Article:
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Tapping into a Mother’s Worst Nightmare

By Dawn Ius

Stacy Willingham’s debut, A Flicker in the Dark, enjoyed the kind of reception most writers only dream of—it hit the New York Times bestseller list, was optioned for film, and solidified her place as one of the genre’s “authors to watch.” The accolades are well-deserved—Willingham writes with the confidence and authenticity of someone who’s been doing it her entire life.

But as most authors know, sophomore books can be tricky. The pressure, the expectations, the potential to slip into “What if my first book was a fluke?” mode. If Willingham had those feelings, she’s hidden them well—ALL THE DANGEROUS THINGS is an emotional and suspenseful knock-out of a second book, a masterclass in storytelling.

We meet Isabelle Drake on day 364 of sleepless nights. She’s basically been a zombie since her toddler son, Mason, was kidnapped from his crib almost a year ago, while she and her husband were sleeping in the room next door. The case has gone cold, and in an attempt to keep the public and the police looking for her son, Isabelle becomes a fixture on the true crime circuit, speaking out whenever she can, reliving those moments leading up to the kidnapping as best she can remember. Her husband—who has since left her and started dating someone new—isn’t impressed.

But Isabelle does catch the attention of a podcaster named Waylon, who is keen to help. The trouble is, in doing so, he’ll have to do a deep dive into Isabelle’s uncomfortable past, making the question of “who done it?” much murkier.

ALL THE DANGEROUS THINGS is the kind of book you read in one sitting—and then think about for weeks later. In this interview with The Big Thrill, Willingham talks about “going dark” for her craft, the inspiration for this compelling read, and much more.

I didn’t think you could top A Flicker in the Dark, which was one of my top reads last year, but ALL THE DANGEROUS THINGS is extraordinary. I’d love to hear a bit about the moment or incident that may have sparked the idea for this book.

Thank you so much! The first seed of inspiration happened when I was reading an article that followed a man at a true crime conference—only he wasn’t there as an attendee, he was there trying to raise awareness about his sister’s unsolved murder. He knew that her story being featured on an episode of Dateline or a popular podcast would do wonders for the case, but it was also incredibly hard for him to talk about her murder as something with a plotline worthy of other people’s attention. The juxtaposition between the conference attendees, who were essentially there for entertainment, and the various victim family members, who were there for publicity and networking, struck me as incredibly jarring. It made me want to explore the complicated emotions that must come with trying to cater to the true crime craze when a violent crime has affected you personally.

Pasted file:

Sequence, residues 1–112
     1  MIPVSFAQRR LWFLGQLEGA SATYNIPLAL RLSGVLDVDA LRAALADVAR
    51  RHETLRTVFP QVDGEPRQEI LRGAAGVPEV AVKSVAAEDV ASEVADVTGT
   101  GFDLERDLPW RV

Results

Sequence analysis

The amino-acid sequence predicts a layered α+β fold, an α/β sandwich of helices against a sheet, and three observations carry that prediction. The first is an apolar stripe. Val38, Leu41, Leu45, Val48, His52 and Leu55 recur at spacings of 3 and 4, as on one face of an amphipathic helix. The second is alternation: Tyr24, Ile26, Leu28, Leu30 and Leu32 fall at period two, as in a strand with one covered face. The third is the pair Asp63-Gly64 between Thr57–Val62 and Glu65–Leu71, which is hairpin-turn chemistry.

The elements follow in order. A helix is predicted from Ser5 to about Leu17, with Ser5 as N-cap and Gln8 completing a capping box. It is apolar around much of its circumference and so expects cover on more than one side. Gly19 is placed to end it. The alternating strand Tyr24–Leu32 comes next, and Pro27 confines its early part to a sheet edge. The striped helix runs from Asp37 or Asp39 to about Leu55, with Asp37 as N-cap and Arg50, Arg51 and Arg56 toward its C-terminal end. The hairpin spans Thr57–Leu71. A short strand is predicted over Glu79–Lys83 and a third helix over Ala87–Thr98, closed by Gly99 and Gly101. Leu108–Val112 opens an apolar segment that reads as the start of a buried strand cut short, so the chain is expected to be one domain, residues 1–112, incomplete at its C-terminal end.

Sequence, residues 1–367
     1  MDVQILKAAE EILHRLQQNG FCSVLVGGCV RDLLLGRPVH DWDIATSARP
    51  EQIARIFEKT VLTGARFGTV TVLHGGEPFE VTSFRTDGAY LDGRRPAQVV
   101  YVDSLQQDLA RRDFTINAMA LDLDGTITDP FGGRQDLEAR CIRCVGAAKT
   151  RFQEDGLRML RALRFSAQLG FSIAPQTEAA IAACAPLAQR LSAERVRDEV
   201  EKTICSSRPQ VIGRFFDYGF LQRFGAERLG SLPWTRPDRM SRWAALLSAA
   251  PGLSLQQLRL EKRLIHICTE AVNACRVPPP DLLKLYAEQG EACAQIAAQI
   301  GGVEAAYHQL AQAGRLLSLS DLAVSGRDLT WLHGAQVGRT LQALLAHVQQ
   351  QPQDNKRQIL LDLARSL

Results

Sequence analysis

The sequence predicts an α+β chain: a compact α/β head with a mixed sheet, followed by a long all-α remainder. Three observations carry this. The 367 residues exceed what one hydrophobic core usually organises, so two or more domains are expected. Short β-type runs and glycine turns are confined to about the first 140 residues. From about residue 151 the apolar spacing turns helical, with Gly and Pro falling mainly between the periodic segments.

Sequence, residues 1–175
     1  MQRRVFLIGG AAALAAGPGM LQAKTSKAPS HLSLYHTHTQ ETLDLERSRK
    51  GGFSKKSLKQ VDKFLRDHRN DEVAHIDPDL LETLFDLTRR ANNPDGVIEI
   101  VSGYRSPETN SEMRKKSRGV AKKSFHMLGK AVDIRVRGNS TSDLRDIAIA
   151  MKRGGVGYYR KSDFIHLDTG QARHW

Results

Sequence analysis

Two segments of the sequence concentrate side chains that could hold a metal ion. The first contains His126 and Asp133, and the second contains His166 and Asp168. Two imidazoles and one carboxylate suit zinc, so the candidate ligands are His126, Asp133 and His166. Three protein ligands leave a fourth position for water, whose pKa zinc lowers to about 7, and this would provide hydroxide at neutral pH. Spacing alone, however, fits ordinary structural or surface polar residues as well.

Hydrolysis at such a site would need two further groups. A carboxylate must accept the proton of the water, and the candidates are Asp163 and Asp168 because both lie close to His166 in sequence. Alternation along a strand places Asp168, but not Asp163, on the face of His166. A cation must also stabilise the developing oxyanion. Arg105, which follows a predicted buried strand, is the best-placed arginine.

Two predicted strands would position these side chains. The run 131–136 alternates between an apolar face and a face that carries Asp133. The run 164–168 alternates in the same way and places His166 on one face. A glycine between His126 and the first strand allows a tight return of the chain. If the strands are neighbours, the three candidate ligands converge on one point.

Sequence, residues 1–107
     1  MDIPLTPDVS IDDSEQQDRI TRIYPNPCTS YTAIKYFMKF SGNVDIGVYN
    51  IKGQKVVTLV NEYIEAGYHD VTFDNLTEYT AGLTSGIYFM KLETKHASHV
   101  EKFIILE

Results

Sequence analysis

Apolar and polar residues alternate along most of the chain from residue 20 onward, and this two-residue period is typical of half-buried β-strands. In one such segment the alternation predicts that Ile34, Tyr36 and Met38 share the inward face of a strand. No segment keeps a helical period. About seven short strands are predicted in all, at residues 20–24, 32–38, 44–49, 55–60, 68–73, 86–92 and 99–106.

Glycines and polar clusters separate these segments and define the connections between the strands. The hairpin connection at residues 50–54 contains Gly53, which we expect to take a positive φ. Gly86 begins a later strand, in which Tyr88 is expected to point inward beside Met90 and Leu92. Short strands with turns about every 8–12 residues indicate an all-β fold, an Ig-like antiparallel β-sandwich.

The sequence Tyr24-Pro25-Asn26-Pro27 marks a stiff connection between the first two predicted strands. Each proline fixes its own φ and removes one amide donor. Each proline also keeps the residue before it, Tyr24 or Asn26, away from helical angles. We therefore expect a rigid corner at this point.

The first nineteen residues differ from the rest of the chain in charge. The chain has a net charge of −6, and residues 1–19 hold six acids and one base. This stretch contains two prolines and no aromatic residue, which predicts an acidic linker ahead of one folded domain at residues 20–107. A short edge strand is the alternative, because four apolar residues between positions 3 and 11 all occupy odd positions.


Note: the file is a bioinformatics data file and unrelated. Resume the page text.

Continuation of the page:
The second seed came a few months later when I had an unsettling experience with my husband talking in his sleep. He said something very bizarre, but when I woke him up to ask him about it, he had no memory of it whatsoever. That got me thinking about various sleep disorders, and I had a bit of an epiphany when I realized that insomnia (which I struggle with on occasion) and sleepwalking are basically opposites of each other. If a bout of insomnia gets bad enough, you’re essentially losing control of your own mind; if you’re sleepwalking, on the other hand, you’re losing control of your own body. Which is more terrifying?

One of your writing superpowers is the ability to evoke emotion, and wow, I was really in deep with Isabelle Drake.  Even Isabelle’s ability to function—albeit barely—on so little sleep felt so authentic. What did you need to do to “go there” with your writing?

Stacy Willingham
Credit: Mary Hannah Harte

One of the challenges of writing thrillers is trying to make a situation that very few people have first-hand experience with feel relatable. With A Flicker in the Dark, most people (thankfully) don’t know what it’s like to be the daughter of a serial killer, but most people can relate to what anxiety, paranoia, and fear feel like. With ALL THE DANGEROUS THINGS, most people don’t know what it’s like to be searching for a missing child—but everyone knows what it feels like to be groggy, confused, and sleep-deprived. When writing my stories, I try to dig into my own memory to find instances where I felt the particular sensations I’m trying to recreate. For example, what did it feel like that one time I was up until three in the morning because I couldn’t sleep? Or that time in college when I stayed up for 48 straight hours while studying and locked my keys in my running car? Once I have those memories in mind, I just apply those universal emotions to a situation that isn’t universally relatable and hope it translates.

It’s not a spoiler to say that at the start of the book, Isabelle’s toddler son, Mason, has been missing for a year, taken from his crib in the middle of the night. I imagine you needed to do some research into true life cases where this has happened. Was there anything that surprised you?

Yes, I did a lot of research on missing children’s cases, and I would say one thing that really surprised me is how quickly the public places blame on the parents. In almost every famous case, there is some element of speculation around how the parents could have either been directly involved or how they were somehow being neglectful when the child went missing. Of course, this speculation is understandable when you look at the statistics—most of the time, children are taken by a family member or acquaintance—but I started thinking about how horrible that would feel. In addition to being worried sick about your child, absorbing all that blame would be debilitating.